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David E.

Steitz
Headquarters, Washington, DC April 19, 2000
(Phone: 202/358-1730)

Allen Kenitzer
Goddard Space Flight Center, Greenbelt, MD
(Phone: 301/286-2806)

RELEASE: 00-62

TERRA SPACECRAFT OPEN FOR BUSINESS

After a picture-perfect launch into space last December,


NASA's premier Earth Observing System Satellite, Terra, has
completed on-orbit checkout and verification and is "open for
business."

Terra, an international mission and part of NASA's Earth


Sciences Enterprise, is opening a new window to the Earth and is
providing daily information on the health of the planet. First
images from the five instruments aboard Terra are being presented
during a press briefing today at NASA Headquarters, Washington,
DC.

Terra is the first satellite to monitor daily -- and on a


global scale -- how the Earth's atmosphere, lands, oceans, solar
radiation and life influence each other. Terra's wide array of
measurements will give a comprehensive evaluation of the Earth as
a system and will establish a new basis for long-term monitoring
of the Earth's climate changes.

"Terra is measuring and documenting the Earth's vital signs,


many of them for the first time," said Dr. Yoram Kaufman, Terra
Project Scientist at NASA's Goddard Space Flight Center,
Greenbelt, MD. "Like our taking vital signs to check the state of
our own health, these data will help us diagnosis several key
aspects of the Earth's health.

"The data will help us understand our planet, aid in our


distinguishing between natural and human-induced changes, and show
us how the Earth's climate affects the quality of our lives."

NASA scientists today revealed several stunning images from


individual Terra sensors of the North American continent shown in
many different layers. Images included global surface
temperatures and "spring greening." Other first images range from
the Indian sub-continent -- showing relationships among population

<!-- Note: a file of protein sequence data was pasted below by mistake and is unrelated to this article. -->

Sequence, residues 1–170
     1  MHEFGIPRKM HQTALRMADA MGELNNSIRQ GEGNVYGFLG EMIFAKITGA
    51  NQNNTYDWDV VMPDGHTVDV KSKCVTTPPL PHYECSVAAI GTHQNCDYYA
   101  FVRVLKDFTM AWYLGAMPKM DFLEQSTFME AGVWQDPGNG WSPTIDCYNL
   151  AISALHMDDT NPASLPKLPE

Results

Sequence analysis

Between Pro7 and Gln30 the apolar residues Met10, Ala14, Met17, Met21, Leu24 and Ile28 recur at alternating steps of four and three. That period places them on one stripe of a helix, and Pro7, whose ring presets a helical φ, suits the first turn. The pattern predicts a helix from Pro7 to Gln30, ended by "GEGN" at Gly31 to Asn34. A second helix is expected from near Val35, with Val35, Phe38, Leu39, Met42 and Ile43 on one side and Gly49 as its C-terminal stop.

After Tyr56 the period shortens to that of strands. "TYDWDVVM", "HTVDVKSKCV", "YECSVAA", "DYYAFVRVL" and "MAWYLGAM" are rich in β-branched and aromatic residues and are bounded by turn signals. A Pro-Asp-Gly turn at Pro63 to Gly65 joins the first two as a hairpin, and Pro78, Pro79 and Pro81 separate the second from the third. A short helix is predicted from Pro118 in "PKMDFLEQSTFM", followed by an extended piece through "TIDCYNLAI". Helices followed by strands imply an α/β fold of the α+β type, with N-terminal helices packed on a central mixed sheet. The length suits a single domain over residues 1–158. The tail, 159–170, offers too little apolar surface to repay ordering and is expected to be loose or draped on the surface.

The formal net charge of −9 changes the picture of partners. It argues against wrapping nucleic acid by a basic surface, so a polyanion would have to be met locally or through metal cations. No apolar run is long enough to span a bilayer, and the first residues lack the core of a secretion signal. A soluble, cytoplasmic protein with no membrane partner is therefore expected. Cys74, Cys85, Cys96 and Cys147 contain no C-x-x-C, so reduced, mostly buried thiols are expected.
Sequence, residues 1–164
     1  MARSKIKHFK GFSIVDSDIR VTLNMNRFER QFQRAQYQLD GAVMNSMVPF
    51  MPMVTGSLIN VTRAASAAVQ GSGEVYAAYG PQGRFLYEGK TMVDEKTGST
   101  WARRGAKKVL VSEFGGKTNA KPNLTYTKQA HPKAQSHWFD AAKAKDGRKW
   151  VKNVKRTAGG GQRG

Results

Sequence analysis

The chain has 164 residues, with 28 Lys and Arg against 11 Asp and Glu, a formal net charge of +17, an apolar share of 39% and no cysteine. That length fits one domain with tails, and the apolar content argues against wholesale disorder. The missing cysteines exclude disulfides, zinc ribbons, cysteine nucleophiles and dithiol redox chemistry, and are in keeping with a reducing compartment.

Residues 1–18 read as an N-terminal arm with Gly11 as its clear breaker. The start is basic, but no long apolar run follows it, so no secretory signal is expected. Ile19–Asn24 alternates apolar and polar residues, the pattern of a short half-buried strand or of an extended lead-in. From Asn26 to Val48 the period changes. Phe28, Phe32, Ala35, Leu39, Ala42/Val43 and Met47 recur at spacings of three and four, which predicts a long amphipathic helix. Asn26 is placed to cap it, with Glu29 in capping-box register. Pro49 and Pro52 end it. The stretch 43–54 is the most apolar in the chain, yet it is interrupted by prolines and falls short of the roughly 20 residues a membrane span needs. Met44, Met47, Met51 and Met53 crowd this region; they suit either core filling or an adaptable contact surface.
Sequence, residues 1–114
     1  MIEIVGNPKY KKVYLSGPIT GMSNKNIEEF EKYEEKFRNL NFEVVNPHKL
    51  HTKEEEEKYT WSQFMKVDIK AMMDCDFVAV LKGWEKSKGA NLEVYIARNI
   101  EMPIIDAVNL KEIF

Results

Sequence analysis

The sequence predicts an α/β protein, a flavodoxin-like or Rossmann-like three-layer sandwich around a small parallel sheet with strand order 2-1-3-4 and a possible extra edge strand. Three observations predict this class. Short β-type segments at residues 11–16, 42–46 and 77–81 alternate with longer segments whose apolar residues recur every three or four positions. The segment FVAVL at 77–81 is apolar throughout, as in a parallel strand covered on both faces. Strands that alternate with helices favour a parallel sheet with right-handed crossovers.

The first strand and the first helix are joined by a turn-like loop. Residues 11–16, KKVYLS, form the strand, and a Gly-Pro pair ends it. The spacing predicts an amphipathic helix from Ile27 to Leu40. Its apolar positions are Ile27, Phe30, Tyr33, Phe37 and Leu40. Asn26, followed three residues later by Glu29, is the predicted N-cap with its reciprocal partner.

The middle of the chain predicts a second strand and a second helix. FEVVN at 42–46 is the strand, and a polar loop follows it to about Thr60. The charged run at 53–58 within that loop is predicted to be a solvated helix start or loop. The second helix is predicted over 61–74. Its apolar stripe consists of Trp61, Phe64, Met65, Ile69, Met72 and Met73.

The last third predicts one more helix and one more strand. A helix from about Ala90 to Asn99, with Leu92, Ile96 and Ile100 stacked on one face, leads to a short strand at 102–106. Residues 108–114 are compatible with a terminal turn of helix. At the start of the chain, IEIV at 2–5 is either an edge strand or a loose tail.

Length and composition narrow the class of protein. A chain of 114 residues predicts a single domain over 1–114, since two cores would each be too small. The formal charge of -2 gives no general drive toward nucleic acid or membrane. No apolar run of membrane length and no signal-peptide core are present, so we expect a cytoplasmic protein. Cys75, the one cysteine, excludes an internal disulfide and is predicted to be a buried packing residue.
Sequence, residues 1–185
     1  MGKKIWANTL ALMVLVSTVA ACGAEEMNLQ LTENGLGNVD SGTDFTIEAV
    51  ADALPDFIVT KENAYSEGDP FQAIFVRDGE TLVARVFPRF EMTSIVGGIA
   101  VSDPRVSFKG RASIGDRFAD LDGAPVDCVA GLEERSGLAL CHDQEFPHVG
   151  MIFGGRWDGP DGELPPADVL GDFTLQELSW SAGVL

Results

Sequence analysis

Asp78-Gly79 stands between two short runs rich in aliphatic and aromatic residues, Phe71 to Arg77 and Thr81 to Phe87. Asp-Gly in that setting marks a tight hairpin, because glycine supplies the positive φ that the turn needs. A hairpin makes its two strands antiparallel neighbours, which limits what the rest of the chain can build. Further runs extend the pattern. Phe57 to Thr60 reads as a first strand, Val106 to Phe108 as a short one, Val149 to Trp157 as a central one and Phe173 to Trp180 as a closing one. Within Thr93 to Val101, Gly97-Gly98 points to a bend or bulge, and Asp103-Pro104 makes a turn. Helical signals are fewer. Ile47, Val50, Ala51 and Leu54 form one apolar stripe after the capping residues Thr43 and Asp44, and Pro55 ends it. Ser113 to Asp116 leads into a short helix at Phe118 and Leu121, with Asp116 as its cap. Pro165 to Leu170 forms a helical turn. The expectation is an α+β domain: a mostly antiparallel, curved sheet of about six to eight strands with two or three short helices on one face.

concentrations, air pollution and vegetation -- to concentrations
of carbon monoxide in the lower atmosphere.

"Terra data, along with other measurements from surface-


based and aircraft instruments, provide much-needed inputs for
Earth science models," Kaufman concluded. "This ultimately will
enable scientists to more accurately predict future climate
change."

Many scientists believe that to successfully build


predictive computer models of complex Earth interactions they must
clearly understand global climatic processes and parameters. The
Terra team estimates that the scientific community will complete
the first Earth-system models making full use of Terra data by
2005.

The Earth Observing System series spacecraft are the


cornerstone of NASA's Earth Science Enterprise, a long-term
coordinated research effort to study the Earth as a global system
and the effects of natural and human-induced changes on the global
environment. Terra will use its position in space to observe the
Earth's continents, oceans and atmosphere with unprecedented
measurement accuracy and capability. This approach enables
scientists to study the interactions among these three components
of the Earth system, which determine the cycling of water and
nutrients on Earth.

NASA plans to encourage widespread use of Terra information


to allow citizens, businesses and governments to make more
informed decisions on national issues affecting every American --
health and safety, economic well-being, and qualify of life in
communities across the Nation.

The Earth Science Enterprise goal is to expand knowledge of


the Earth system from the unique vantage point of space. Earth
Science Enterprise data, which will be distributed to researchers
worldwide at the cost of reproduction, are critical to informed
environmental decisions.

-end-

NOTE TO EDITORS: Images of Terra's first results can be found on


the Internet at:
http://www.gsfc.nasa.gov

or

http://terra.nasa.gov